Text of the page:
Sunday TV: Queens, Past and Current

victoriaJust as it did in its first season, the lavish and well wrought “Victoria” falls a bit under the shadow of the regal doings in the Netflix series “The Crown.” But Jenna Coleman’s luminous Queen Victoria is just as compelling as she enters season two finding her footing on the throne and asserts herself against her husband Prince Albert (Tom Hughes) in the splendid looking series on “Masterpiece” (PBS, 9 p.m., check local listings) — especially for those who have already completed the other streaming series. The addition of Diana Rigg as a wry Duchess seems intended to add a “Downton Abbey”-Maggie Smith type role.

Speaking of queens, Queen Elizabeth II, who is the subject of “The Crown,” speaks out on her own in a rare interview recalling her own coronation 65 years ago in a special about the ceremony and a close up look at the Royal Jewels in “The Coronation” (Smithsonian Channel, 8 p.m.). Here’s a story I wrote about it for Smithsonian Magazine.com.

Second seasons begin tonight for two HBO comedies that really came into their own before their first seasons ended.  “Divorce” (HBO, 9 p.m.), written by Susan Horgan of “Catastrophe,” has made Thomas Haden Church and Sarah Jessica Parker into nuanced and knowing comic actors, seem to hint that they’re sorry on occasions that they broke up.

On the accompanying “Crashing” (HBO, 10:30 p.m.), Pete Holmes has successfully created a likable standup comic (which is tough enough to create) whose struggle is something we root for. The new season which will continue to include a number of familiar guest star comedians, most playing fictionalized versions of themselves. First up: Penn Jillette talks theology.

Hey, here’s a Spanish variant “MasterChef Latino” (Telemundo, 8 p..m) that uses a past winner of “MasterChef,” Claudia Sandoval, as a judge.

“Family Guy” (Fox, 9 p.m.) reaches its 300th episode with a Brian and Stewie war. The cartoon stays true to its history and avoids the funny. “I don’t know that anyone ever really expected this show to go this long,” creator Seth MacFarlane said at the TV Critics Association winter press tour, my coverage of which can be found here.

Game show scandals weren’t only in the 1950s: “Cover Story: Press Your Luck Scandal” (GSN, 10 p.m.) tells of the time an out of work ice cream driver in Ohio won a record $110,000 in one day’s work avoiding Whammys.

Russia is blamed for a sonic attack at the U.S. in “Madam Secretary” (CBS, 10 p.m.).

Hetty is tortured by captors in Vietnam in “NCIS: Los Angeles” (CBS, 9 p.m.).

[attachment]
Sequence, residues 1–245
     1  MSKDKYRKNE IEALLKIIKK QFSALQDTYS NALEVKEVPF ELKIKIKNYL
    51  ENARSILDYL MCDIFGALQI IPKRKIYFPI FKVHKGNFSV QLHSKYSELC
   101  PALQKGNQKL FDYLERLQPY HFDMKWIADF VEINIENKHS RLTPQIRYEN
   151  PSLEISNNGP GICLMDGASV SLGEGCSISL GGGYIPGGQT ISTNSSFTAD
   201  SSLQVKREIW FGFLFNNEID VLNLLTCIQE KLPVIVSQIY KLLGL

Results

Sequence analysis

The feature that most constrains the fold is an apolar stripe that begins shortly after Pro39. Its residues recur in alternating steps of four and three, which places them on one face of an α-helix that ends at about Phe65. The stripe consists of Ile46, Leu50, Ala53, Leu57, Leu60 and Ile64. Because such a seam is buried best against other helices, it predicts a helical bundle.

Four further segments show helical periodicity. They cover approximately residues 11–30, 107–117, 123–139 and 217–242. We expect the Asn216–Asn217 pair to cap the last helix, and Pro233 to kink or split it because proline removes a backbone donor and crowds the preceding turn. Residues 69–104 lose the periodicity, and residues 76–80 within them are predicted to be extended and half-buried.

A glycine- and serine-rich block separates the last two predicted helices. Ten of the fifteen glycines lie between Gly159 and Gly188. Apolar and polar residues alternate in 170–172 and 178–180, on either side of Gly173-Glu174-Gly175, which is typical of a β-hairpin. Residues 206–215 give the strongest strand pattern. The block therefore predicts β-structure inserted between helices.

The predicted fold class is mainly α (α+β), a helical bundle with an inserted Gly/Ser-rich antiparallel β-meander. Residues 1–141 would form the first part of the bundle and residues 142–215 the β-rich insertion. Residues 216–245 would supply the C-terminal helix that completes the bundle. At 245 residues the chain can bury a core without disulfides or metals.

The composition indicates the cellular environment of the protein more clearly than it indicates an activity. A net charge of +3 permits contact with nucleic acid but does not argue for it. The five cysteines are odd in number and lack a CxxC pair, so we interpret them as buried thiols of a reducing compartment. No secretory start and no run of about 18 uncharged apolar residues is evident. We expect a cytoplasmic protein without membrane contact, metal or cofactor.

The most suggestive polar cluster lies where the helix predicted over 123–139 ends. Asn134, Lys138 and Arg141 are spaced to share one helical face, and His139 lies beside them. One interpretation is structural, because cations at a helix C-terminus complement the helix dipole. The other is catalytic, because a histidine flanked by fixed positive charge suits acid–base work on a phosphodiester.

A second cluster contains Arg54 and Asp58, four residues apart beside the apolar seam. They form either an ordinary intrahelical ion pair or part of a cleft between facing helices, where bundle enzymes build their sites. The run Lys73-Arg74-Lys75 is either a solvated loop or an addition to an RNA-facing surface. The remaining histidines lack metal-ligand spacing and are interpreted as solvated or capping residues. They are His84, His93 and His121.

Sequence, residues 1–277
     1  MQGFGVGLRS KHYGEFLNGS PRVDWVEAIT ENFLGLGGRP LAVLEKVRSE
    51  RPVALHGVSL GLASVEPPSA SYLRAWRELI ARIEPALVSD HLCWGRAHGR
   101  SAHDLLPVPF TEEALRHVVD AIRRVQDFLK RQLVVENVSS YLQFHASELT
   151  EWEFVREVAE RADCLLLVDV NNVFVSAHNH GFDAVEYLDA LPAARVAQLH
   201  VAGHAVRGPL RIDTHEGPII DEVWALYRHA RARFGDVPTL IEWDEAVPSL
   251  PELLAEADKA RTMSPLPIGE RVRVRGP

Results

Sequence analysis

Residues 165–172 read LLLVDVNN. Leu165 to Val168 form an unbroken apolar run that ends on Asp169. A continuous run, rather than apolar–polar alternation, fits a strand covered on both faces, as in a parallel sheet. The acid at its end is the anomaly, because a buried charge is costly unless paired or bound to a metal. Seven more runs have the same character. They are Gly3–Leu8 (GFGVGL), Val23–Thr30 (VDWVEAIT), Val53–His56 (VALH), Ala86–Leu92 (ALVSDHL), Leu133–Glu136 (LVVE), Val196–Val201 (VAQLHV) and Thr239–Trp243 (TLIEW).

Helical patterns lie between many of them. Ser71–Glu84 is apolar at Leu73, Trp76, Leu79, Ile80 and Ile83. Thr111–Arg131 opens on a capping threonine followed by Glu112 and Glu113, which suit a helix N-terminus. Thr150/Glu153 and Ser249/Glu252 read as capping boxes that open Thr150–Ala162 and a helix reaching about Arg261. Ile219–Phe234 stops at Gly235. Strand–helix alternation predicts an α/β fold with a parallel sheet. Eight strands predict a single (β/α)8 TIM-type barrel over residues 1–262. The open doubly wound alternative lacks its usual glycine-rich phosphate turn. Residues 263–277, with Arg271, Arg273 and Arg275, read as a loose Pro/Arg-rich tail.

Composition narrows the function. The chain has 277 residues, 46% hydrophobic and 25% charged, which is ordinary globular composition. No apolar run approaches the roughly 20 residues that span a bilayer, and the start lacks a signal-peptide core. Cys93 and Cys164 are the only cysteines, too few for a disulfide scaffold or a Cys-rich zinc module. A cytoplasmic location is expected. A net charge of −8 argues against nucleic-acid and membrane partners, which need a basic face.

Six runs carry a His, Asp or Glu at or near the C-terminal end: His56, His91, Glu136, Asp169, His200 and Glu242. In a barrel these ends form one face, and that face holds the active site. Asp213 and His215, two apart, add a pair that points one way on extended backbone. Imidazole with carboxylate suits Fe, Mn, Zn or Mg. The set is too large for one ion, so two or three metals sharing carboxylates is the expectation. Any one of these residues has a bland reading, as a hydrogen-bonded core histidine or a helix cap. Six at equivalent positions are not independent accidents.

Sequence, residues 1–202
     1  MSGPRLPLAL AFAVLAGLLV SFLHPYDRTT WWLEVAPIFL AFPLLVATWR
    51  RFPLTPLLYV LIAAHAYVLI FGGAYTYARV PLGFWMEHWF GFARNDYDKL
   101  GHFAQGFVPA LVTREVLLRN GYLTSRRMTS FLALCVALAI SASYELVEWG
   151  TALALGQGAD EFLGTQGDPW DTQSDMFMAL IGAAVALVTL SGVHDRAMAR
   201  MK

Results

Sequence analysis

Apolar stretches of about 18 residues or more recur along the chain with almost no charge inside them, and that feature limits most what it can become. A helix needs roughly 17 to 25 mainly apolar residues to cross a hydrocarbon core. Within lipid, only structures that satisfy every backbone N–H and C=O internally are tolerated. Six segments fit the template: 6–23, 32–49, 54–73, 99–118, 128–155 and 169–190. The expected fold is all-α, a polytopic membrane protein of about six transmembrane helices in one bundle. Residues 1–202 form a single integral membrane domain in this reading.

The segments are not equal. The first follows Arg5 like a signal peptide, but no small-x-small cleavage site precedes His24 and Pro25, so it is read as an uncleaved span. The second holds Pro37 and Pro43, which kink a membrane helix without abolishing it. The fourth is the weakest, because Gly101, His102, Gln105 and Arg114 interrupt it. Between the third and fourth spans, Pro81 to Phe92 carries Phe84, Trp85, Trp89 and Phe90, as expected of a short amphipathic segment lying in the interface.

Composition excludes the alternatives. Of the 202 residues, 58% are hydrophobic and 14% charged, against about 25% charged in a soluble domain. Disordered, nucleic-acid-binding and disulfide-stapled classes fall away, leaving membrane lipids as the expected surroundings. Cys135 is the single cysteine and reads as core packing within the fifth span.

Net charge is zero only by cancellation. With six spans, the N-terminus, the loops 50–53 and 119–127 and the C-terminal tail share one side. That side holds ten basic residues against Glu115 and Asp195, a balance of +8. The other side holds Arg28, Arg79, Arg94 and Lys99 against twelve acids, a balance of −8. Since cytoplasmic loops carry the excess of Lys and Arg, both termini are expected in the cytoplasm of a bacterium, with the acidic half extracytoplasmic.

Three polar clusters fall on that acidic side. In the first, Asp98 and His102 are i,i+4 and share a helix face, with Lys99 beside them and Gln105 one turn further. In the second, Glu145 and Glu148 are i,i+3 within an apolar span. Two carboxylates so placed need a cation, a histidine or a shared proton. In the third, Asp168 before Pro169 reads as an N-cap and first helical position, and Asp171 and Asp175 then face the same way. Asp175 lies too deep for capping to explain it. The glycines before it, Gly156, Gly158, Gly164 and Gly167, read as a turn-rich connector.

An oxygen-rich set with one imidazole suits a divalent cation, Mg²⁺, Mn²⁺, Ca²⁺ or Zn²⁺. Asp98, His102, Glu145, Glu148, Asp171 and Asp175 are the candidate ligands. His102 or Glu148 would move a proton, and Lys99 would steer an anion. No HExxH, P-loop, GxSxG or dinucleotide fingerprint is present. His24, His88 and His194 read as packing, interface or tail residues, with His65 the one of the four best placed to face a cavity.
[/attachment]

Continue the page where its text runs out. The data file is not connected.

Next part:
One good thing about the aircraft explored in the special “Air Force One: America’s Flagship” (National Geographic, 9 p.m.), it won’t go bankrupt, as the Trump Shuttle did.

Frank tries to cash in on Ian’s fame on “Shameless” (Showtime, 9 p.m.).

The end of the world is nigh on “The Simpsons” (Fox, 8 p.m.).

The group searches for Jasper on the winter finale of “The Last Man on Earth” (Fox, 9:30 p.m.).

It’s girls’ night out on “Bob’s Burgers” (Fox, 8:30 p.m.).

Two new episodes of “Shark Tank” (ABC, 9 and 10 p.m.) run back to back.

On the second episode of “The Chi” (Showtime, 10 p.m.), Brandon reels from a loss.

Gadgets can’t help the “Worst Cooks in America” (Food, 9 p.m.).

Kourtney considers a trip to Egypt on “Keeping Up with the Kardashians” (E!, 9 p.m.).

On “The Real Housewives of Atlanta” (Bravo, 8 p.m.), Shereé invites Kim and NeNe to dinner.

In the NFL playoffs, it’s Jacksonville at Pittsburgh (CBS, 1:05 p.m.) in the AFC and New Orleans at Minnesota (Fox, 4:40 p.m.) in the NFC.

It may be your final chance to see “Wisdom of the Crowd” (CBS, 8 p.m.), which wasn’t picked up for a full season.

Another oft-told crime is retold again on the true crime series “Jodi Arias: An American Murder Mystery” (Investigation Discovery, 10 p.m.).

In the new “Seeking Sister Wife” (TLC, 10:10 p.m.) three families look to add a new wives to the households, in the manner of the accompanying “Sister Wives” (TLC, 8 p.m.). How about a series on the polygamy police who might put an end to this banned and archaic practice?

Speaking of abhorrent practices, the documentary “Trophy” (CNN, 9 p.m.) by Christina Clusiau and Shaul Schwarz, concentrates on big game hunting and wildlife conservation in Africa.

It’s a Gene Tierney double play on Turner Classic Movies with “The Ghost and Mrs. Muir” (8 p.m.) and “Rings on Her Fingers” (10 p.m.). Then comes the 1929 silent “The Flying Fleet” (midnight) and two from Japan, “Being Two Isn’t Easy” (2 a.m.) and “Good Morning” (3:45 a.m.).

NBA action has Portland at Minnesota (ESPN, 9 p.m.).

Hockey has Detroit at Chicago (NBC, 12:30 p.m.) and Rangers at Pittsburgh (NBC Sports, 7:30 p.m.).

Men’s college basketball includes Army at Navy (CBS, Sports, 2:30 p.m), Davidson at Fordham (NBC Sports, 3 p.m.), Northwestern at Indiana (CBS, 4:30 p.m.), Saint Joseph’s at Massachusetts (NBC Sports, 5 p.m.), North Carolina State at Virginia (ESPNU, 6 p.m.) and Utah at USC (ESPNU, 8 p.m.).

Women’s games include Army at Navy (CBS Sports, noon), UCF at South Florida (ESPNU, noon), Tennessee at South Carolina (ESPN2, 1 p.m.) and Saint Louis at Dayton (ESPNU, 2 p.m.), Virginia at Duke (ESPN2, 3 p.m.), Alabama at Mississippi State (ESPNU, 4 p.m.) and Butler at DePaul (CBS Sports, 4:30 p.m.).

In tennis, early round play begins in the Australian Open (ESPN2, 7 p.m.).

Sunday Talk

ABC: Sens. Jeff Flake and David Perdue, Rep. John Lewis. CBS: Sens. Tom Cotton, Cory Gardner and Joe Manchin. NBC: Sen. Rand Paul. CNN: Rep. Mia Love, Virginia Gov. Terry McAuliffe. Fox News: Homeland Security Secretary Kirstjen Nielsen, California Attorney Gen. Xavier Becerra.

 

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